Top 10 sports moments


Photo by Heather Davidson
Photo by Heather Davidson

10 . The Allin legacy

Max Allin provided the Wilfrid Laurier University basketball program with arguably the strongest five years of any players in its existence. Just months after the 1,500 point scorer and Laurier legend left the program, his younger brother Luke stepped onto the court in the very same gym. On Nov. 8 with his brother in attendance, Luke dropped a game-high 23 points and was 7-7 from beyond the arc. Another Allin tradition may be just beginning.

9. OUA changing

Canadian Interuniversity Sport and Ontario University Athletics received an overhaul in how it was marketed to the public this past year. Sportsnet pulled its university programming, forcing the leagues to transition to an online streaming platform for all of its sports. While provided a medium for just about anyone to view sports though a new platform, its poor execution resulted in more technical difficulties then celebration.

8. Men's soccer upset (Matt Smith, file photo)
File Photo by Matt Smith

8. Men’s soccer pull off the upset

For the third straight year, a men’s soccer club that was nothing short of mediocre all season long, shocked a team in the first round of the playoffs. The Guelph Gryphons were the victims this time around. A late tying goal by Tyrell Wilson sent the game to penalty kicks, providing the team with a familiar playoff performance. Unfortunately what was also familiar was the subsequent loss in the quarter final to the York Lions.


File Photo by Heather Davidson
File Photo by Heather Davidson

7. Three All-Canadians for football

In a turn-around season for men’s football, three players stepped up to earn All-Canadian for the club in 2014. This is the first time three players from Laurier were selected to the roster since 2009. The OUA’s leading rusher and MVP was a lock for the selection, as well as top Canadian Football League defensive prospect Chris Ackie. A phenomenal year from kicker Ronnie Pfeffer placed him among elite company; his punting distance and consistency was top in the province and was pivotal to his team’s success.

6. The dominant pitching rotation

Although they were unable to recapture their OUA title, men’s baseball boasted what was possibly the strongest pitching staff in the province. The combination of their ace, Brett Van Pelt, veteran leader Jordan Petruska as well as strong performances from Andrew Zeidans and Andrew McBride provided possibly the most deadly force on mound in 2014. This past season they led the league in collective strikeouts with 117, and posted an ERA of 3.21.

File Photo by Heather Davidson
File Photo by Heather Davidson

5. Athletic cuts

In light of recent budget cuts for the university as a whole, the department of athletics and recreation was forced to cut $53,713 in the 2014-15 fiscal year. A large portion of the cut was attributed to reduction in student labour. There is a potential for an additional cut in the coming year, however the department’s additional revenue stream may give them some wiggle room. After receiving major criticism for cutting the varsity volleyball team in 2011, the department said it will do all it can to prevent a varsity sport from taking a fall this coming year.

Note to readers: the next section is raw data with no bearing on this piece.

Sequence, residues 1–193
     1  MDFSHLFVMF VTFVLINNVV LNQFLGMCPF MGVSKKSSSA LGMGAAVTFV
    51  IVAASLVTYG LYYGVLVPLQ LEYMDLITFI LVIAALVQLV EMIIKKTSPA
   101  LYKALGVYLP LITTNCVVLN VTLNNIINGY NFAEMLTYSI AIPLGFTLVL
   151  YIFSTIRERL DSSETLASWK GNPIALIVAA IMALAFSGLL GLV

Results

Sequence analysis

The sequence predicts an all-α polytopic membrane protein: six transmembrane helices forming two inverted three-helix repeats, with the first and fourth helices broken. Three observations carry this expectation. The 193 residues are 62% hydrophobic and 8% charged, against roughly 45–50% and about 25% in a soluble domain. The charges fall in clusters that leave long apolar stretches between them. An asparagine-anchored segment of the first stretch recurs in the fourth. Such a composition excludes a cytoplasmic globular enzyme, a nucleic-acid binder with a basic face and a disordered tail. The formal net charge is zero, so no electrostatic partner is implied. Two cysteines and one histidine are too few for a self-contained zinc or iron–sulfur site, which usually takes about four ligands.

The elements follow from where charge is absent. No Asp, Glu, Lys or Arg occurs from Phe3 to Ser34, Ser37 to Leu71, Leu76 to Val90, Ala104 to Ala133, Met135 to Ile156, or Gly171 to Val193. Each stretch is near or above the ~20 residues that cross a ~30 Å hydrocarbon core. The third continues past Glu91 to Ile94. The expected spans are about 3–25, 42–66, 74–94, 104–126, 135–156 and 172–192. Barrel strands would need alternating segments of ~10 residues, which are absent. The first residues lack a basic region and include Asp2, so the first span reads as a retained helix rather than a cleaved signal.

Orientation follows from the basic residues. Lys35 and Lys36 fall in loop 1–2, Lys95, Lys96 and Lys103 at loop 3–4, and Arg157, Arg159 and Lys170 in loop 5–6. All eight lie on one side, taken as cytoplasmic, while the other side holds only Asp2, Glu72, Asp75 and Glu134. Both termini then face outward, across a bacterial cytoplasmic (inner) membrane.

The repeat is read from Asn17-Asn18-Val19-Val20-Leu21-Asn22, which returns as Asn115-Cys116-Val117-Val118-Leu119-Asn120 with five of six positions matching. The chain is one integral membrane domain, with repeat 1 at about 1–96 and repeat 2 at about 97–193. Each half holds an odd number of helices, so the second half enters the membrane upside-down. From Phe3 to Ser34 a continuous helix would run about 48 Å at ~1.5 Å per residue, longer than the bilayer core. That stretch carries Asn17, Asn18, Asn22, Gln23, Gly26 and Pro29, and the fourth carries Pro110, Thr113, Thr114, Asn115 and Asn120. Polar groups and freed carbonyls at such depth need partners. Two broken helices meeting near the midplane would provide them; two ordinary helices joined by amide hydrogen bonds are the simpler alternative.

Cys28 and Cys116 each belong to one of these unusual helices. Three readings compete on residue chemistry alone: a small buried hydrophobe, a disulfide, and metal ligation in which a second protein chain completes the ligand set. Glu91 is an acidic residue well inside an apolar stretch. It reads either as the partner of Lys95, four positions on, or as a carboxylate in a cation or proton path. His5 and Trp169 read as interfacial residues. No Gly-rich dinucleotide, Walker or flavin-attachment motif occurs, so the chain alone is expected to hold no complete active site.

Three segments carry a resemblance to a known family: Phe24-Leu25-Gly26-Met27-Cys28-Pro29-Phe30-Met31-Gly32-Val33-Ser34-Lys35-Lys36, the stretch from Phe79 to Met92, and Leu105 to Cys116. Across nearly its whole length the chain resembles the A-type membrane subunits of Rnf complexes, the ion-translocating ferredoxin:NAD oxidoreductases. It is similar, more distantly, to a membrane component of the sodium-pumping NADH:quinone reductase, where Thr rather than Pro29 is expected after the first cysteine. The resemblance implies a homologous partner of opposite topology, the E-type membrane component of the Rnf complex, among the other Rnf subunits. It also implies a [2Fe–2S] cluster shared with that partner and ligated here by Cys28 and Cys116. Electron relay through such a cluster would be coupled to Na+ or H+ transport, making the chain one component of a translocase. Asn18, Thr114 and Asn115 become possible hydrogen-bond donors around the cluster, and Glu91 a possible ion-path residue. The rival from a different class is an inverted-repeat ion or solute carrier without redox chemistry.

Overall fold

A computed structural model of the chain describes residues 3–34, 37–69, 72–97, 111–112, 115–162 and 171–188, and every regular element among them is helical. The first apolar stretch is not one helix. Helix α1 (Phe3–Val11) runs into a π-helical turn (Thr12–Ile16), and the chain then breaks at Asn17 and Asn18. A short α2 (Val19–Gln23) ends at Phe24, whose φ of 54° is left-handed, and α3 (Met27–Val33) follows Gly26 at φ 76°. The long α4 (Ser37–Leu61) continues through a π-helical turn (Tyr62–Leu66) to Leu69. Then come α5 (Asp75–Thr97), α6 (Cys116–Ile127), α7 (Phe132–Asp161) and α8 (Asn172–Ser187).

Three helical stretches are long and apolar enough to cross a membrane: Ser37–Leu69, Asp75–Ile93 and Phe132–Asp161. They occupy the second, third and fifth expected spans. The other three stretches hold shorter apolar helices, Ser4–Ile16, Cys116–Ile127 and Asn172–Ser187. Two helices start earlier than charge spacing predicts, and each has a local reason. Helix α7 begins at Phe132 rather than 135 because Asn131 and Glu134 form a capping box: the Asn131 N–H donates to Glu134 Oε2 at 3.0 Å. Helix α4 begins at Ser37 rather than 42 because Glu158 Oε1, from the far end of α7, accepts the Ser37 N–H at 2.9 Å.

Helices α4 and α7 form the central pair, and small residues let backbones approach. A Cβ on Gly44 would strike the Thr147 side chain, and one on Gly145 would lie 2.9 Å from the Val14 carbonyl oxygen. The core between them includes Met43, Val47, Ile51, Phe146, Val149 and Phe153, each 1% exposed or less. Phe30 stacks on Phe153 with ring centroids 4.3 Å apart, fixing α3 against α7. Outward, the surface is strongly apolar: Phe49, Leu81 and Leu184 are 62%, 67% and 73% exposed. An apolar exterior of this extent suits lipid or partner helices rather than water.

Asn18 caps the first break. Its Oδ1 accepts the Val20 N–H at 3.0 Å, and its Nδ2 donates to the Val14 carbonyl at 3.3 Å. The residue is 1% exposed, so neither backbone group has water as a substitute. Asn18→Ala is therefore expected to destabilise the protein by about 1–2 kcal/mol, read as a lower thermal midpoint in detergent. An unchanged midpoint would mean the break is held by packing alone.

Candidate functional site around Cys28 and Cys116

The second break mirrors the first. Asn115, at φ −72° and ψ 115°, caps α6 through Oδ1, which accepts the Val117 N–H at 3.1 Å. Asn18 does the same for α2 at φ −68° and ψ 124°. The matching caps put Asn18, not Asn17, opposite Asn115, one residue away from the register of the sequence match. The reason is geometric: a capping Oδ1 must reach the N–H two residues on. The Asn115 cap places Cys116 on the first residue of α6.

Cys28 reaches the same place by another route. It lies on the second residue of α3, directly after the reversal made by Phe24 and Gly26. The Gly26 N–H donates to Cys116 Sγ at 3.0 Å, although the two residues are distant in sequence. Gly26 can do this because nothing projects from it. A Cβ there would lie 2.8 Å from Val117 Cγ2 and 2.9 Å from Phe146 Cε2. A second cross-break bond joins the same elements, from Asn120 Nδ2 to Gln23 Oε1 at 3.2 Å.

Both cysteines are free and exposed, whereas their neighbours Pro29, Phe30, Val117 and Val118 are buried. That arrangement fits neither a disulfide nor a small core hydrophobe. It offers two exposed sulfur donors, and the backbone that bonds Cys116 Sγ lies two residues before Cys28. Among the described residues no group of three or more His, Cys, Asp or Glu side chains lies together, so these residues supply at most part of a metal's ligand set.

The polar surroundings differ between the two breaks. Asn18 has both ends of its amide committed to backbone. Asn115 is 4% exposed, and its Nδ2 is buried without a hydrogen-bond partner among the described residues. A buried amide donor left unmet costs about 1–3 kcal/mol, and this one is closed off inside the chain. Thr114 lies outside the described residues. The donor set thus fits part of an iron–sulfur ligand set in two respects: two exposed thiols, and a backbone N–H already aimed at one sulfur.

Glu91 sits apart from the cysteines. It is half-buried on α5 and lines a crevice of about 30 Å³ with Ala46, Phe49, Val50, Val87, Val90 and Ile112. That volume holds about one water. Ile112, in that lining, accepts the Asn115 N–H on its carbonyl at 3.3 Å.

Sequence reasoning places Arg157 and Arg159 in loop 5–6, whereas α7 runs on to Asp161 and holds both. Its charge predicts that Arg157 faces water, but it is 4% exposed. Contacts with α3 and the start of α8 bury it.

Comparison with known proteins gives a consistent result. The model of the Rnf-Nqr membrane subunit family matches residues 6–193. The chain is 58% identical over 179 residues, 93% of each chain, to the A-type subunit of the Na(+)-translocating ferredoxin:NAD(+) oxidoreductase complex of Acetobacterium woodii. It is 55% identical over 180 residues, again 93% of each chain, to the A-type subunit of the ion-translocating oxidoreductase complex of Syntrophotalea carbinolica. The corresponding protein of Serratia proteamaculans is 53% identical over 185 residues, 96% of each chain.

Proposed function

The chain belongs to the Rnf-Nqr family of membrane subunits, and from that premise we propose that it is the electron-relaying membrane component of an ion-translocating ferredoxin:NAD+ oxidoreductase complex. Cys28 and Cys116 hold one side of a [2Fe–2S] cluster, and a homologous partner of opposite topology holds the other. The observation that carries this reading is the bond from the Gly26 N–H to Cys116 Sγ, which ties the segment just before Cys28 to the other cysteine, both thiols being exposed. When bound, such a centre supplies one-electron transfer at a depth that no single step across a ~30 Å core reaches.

4. Women's soccer loss (Heather Davidson, file photo)
File Photo by Heather Davidson

4. Disappointing finish for women’s soccer

A year after claiming the OUA title, women’s soccer had their sights set on a podium finish at nationals. It was a prediction that looked extremely promising after a 12-1-3 season provided them with a trip to the final four in Hamilton. The club had to win just one of two games against the Ottawa Gee-Gees and the University of Ontario Institute of Technology Ridgebacks to advance to the national championships. The club dropped both, providing a shocking and abrupt end to a season with high hopes.

3. Women's hockey champions (JodyWaardenburg, file photo)
File Photo by Heather Davidson

3. Women’s hockey finish fourth at nationals after winning OUA championship

Laurier’s women’s hockey program enjoyed multiple years of dominance in the past decade, but were provided a shocking loss to the Western Mustangs in the 2012-13 OUA semi-finals. In a league with ever-growing talent, there was fear that Laurier was beginning to lose their edge. However, they capped off their 2013-14 season with an OUA championship win over the Queen’s Golden Gaels and a fourth place finish at nationals, returning their program back its glory days — and they did it with eight rookies.

Men's curling (Heather Davidson, file photo)
File Photo by Heather Davidson

2. Dominance of both curling teams

Curling truly emerged as Laurier’s most consistently strong sport this past year across men and women. They cemented themselves as a powerhouse in the country. The women capped off their undefeated season with an OUA championship, while the men finished second in the province. At nationals, both clubs finished in third place. After this consistency and strength, it is no surprise the 2015 national championships are being hosted right here in Waterloo.

File Photo by Heather Davidson
File Photo by Heather Davidson

1. Dillon Campbell’s season and eventual MVP

In terms of athletics at Laurier, 2014 was truly the year of Dillon Campbell. The OUA MVP led the entire country with a dominating 1,458 yards rushing, 46 per cent of the teams total offence, and as an unstoppable force and immovable object on the gridiron. His power and ability to make something out of nothing on the field provided a spectacle in each game and kept his team in contention on any given Saturday. No other athlete made as much of an impact on the school and its reputation this past year as Campbell.


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